Alliant Energy announces plans for largest solar and battery facility in Iowa

The company files its plan with IUB to acquire a portion of the Duane Arnold Solar Project from NextEra Energy Resources and to repurpose land from the former Duane Arnold nuclear energy site.

CEDAR RAPIDS, Iowa (November 2, 2021) – Today, in a filing with the Iowa Utilities Board (IUB), Alliant Energy (NASDAQ: LNT) announces plans for adding the first portion of its planned 400 megawatts (MW) of solar energy generation in Iowa. In the filing, Alliant Energy details its intent to acquire 200 MW of solar energy and 75 MW of battery energy storage from Phase I and II of the Duane Arnold Solar Project that will be developed by wholly owned, indirect subsidiaries of NextEra Energy Resources, LLC in Linn County. 

Once operational, Alliant Energy will own and operate both projects. Today’s announcement is the first major milestone for Alliant Energy in executing its Clean Energy Blueprint in Iowa. Once operational, expected by year-end 2024, the project positions Alliant Energy as the largest combined solar and battery storage operator in the state.

Pairing battery storage with solar cost-effectively meets customer demand and ensures safe and reliable service for customers. The combination also contributes to a healthier environment and serves as a local economic catalyst as the company continues accelerating its transition to delivering cleaner, more renewable energy for customers and the communities Alliant Energy serves.
“It’s part of our purpose-driven strategy of serving customers and building stronger communities,” said Terry Kouba, president of Alliant Energy’s Iowa energy company. “Our plan also keeps customer affordability at the forefront. We are excited to transition land from the decommissioned nuclear facility into the largest solar and battery storage facility in Iowa.”

The development and construction of the 200 MW of solar energy and 75 MW of battery storage at the Duane Arnold Solar Project will create up to 200 new construction jobs. According to an economic impact study conducted by Strategic Economic Research, the two projects will have a projected combined positive economic output of up to $260 million on the state of Iowa (including up to $154 million in Linn County). That includes the cumulative ripple effects of new jobs, wages, tax revenue and other economic activity during construction and through the life of the projects.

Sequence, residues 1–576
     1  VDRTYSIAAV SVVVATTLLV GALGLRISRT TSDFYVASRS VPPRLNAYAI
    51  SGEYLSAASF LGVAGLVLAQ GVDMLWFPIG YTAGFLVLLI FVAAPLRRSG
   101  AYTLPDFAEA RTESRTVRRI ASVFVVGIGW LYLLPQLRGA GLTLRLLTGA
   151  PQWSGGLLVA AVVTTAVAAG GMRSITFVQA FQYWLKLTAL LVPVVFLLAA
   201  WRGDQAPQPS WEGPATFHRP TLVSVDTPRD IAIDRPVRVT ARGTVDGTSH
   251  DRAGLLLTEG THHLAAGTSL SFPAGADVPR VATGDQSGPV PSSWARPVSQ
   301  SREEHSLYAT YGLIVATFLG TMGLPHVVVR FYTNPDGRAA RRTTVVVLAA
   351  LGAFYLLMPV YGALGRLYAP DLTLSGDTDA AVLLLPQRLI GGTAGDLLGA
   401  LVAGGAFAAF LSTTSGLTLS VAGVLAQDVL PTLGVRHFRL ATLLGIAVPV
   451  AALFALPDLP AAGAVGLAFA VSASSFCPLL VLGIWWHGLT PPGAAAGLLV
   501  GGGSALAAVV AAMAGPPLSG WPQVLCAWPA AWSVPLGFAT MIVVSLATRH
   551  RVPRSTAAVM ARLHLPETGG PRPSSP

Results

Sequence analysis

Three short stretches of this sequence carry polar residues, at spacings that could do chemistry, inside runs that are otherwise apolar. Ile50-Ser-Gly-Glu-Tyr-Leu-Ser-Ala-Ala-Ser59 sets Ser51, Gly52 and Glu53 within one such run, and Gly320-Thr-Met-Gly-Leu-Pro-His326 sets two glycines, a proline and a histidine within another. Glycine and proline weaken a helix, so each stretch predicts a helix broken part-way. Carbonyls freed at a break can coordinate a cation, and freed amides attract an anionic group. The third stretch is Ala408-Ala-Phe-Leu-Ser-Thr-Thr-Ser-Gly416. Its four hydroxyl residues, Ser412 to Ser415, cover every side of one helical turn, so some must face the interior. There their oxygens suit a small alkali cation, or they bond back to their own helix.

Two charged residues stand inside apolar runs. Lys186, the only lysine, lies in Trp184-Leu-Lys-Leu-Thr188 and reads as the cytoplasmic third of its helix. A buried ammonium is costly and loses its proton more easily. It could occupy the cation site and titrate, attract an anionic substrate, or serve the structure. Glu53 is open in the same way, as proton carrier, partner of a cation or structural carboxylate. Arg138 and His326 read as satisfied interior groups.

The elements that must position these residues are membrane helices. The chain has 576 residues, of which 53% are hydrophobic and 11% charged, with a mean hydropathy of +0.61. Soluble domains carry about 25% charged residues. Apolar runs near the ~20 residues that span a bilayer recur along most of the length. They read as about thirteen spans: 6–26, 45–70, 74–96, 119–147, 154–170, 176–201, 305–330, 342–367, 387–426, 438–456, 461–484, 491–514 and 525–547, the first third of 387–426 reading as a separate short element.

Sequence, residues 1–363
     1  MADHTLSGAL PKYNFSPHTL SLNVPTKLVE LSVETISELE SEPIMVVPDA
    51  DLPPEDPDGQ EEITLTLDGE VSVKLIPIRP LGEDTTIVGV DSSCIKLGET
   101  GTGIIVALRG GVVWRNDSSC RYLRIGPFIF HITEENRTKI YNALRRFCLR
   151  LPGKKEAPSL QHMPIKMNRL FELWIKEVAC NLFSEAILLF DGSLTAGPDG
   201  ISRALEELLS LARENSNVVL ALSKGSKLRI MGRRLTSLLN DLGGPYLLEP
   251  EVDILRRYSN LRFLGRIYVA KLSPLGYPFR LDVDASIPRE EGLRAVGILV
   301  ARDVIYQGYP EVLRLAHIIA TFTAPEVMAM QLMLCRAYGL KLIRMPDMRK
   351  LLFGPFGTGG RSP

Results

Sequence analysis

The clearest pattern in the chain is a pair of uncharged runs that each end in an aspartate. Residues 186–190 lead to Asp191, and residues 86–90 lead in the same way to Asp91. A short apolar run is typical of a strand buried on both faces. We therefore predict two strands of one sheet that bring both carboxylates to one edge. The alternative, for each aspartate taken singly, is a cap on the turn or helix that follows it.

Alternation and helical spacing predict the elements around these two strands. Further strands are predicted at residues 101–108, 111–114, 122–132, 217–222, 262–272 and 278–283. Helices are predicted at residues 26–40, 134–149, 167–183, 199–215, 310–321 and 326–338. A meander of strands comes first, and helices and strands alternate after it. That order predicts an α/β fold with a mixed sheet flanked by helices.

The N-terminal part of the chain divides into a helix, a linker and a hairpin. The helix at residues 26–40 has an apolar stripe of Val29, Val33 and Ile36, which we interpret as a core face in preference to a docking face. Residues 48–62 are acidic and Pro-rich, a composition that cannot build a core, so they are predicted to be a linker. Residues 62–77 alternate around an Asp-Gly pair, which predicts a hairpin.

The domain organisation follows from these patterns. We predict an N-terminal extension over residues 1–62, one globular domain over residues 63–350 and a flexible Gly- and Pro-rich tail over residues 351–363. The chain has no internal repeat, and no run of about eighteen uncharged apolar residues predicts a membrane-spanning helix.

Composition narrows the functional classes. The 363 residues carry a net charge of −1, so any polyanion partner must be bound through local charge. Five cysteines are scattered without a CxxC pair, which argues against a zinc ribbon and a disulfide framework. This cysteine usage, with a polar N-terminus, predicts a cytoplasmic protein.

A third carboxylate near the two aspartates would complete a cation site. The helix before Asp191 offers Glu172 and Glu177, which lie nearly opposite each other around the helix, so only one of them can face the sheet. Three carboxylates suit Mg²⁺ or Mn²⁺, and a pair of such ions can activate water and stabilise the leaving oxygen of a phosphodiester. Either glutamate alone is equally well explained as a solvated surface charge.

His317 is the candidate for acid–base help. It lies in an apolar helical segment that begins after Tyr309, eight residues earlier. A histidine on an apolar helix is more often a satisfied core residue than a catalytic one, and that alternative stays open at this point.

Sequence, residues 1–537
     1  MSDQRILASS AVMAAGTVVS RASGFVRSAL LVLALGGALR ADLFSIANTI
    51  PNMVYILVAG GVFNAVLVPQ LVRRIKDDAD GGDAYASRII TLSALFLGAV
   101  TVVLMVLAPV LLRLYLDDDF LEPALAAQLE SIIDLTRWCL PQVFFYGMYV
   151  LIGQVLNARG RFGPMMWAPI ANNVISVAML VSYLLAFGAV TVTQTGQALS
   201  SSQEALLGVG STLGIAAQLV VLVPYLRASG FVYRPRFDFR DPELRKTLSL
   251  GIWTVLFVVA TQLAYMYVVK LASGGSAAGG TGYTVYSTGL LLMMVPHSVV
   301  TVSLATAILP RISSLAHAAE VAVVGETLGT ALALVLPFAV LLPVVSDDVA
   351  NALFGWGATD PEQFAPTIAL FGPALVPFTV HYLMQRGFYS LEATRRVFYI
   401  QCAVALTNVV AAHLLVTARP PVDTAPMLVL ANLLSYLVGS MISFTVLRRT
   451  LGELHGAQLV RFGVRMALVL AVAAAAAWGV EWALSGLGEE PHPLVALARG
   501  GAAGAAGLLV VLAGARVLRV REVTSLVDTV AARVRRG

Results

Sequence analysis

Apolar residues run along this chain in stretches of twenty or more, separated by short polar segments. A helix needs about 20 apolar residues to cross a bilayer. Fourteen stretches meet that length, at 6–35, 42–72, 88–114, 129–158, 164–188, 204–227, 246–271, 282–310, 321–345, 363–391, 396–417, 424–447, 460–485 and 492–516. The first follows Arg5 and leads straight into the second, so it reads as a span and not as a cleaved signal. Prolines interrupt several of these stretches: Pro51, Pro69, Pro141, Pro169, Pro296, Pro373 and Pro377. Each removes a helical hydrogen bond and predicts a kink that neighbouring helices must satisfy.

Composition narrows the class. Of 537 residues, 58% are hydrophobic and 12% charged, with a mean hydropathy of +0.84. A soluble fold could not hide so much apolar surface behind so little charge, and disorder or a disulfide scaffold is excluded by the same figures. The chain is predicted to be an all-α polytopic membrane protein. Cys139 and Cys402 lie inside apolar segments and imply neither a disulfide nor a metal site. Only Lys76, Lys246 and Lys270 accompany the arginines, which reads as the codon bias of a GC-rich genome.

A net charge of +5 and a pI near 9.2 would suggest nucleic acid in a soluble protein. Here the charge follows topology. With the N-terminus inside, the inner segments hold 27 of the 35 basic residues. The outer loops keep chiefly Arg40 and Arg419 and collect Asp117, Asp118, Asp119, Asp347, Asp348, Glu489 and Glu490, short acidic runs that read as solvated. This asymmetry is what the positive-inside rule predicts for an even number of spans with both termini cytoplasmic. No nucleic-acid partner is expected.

The projects also repurpose a portion of the land and infrastructure at the former Duane Arnold nuclear energy facility. The existing transmission infrastructure already on the site is expected to be used. 
“This is good for our customers, the communities we serve and the environment while powering tens of thousands of homes with solar energy,” said Mayuri Farlinger, director of operations at Alliant Energy. “In addition, these projects assure our customers we have a diverse mix of reliable energy generation to meet their ongoing demands.”

The company expects to outline plans for the remaining 200 MW of solar generation in Iowa at a future date. Once all the new projects are operational, combined with Alliant Energy’s existing 1,300 MW of wind generation in Iowa, nearly 50% of the company’s total resource mix in the state will be from renewable resources. Alliant Energy, the third largest owner-operator of regulated wind energy in the nation, is on pace to reach this milestone by 2025.
Alliant Energy filed its application with the Iowa Utilities Board today (November 2, 2021) to advance these projects. The announcement coincides with subsidiaries of NextEra Energy Resources’ filing to the IUB, which requests approval for siting of the facilities.